Children and teenagers can manage their diabetes well and live happy, normal lives 

Until recently almost all children and teenagers with diabetes had type 1, but now younger people are getting type 2 diabetes due to increasing overweight and obesity.

Children or teenagers who have recently been diagnosed with diabetes may struggle with their emotional reactions to their condition and the reactions of others, and have concerns about going back to school. Teenagers with diabetes may also worry about things like negotiating sex, drinking alcohol, smoking and illicit drugs.

A child and their family will need a period of adjustment after diabetes is diagnosed. They must establish a routine for blood glucose monitoring and injecting, learn how to count carbohydrates, see diabetes health professionals regularly and cope with fluctuating blood glucose levels. New challenges may arise as a child moves through different life stages.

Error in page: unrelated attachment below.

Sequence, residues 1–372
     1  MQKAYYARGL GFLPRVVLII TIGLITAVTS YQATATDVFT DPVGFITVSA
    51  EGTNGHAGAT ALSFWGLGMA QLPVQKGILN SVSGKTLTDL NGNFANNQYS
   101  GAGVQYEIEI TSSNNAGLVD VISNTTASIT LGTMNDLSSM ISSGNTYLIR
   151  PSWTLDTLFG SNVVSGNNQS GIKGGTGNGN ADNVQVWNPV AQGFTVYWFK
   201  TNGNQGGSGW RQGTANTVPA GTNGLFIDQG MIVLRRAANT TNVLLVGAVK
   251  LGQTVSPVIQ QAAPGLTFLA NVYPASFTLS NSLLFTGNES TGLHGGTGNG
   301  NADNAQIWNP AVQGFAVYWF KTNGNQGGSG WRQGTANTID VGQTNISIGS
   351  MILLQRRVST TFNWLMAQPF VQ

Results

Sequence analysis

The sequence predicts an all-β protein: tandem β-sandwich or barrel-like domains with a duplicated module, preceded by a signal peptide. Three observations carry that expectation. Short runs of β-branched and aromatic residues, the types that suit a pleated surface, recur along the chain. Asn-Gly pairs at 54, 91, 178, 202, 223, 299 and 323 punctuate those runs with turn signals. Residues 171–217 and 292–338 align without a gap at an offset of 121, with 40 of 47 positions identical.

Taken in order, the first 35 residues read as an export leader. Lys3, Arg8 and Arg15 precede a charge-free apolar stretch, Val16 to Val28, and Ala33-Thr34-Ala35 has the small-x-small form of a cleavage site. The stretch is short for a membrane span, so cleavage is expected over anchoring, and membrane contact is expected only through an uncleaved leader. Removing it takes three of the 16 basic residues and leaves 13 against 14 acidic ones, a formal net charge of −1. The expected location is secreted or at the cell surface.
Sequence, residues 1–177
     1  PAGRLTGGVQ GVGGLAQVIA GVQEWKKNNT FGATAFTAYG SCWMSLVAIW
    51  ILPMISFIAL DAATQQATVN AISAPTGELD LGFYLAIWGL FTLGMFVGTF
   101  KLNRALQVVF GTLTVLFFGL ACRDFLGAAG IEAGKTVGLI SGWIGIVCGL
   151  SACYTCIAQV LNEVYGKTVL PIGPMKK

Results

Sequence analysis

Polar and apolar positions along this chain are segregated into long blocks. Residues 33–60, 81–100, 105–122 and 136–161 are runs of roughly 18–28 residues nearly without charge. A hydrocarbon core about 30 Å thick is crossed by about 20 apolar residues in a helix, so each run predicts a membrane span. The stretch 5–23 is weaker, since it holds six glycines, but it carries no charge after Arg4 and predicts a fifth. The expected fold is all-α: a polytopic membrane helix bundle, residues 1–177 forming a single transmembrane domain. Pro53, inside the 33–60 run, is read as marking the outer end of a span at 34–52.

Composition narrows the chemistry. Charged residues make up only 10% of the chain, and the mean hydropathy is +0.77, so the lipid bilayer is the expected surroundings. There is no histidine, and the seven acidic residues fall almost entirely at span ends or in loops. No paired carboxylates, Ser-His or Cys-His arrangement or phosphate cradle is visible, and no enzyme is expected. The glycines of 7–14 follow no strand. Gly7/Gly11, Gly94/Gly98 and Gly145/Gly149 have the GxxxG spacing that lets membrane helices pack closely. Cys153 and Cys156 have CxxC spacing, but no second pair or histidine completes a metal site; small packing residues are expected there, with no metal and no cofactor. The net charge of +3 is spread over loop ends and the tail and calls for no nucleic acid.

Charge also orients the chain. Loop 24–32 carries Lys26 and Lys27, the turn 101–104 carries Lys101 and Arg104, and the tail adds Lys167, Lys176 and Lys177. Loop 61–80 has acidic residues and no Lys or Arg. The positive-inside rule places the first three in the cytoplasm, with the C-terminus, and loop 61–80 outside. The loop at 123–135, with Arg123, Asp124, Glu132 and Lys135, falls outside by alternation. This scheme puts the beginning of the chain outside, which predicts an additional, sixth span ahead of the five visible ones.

Many parents are understandably concerned when their child starts or returns to school after being diagnosed with diabetes. However, schools are responsible for children’s safety while at school, and will ensure that teachers understand diabetes and its potential harms. Parents must make sure that the school is given the information and resources they need to support their child’s management of diabetes during school hours. 

Speak to your child's GP about a diabetes management plan 

Diabetes Awareness 2
Ref: Better Health Channel & Diabetes Australia  





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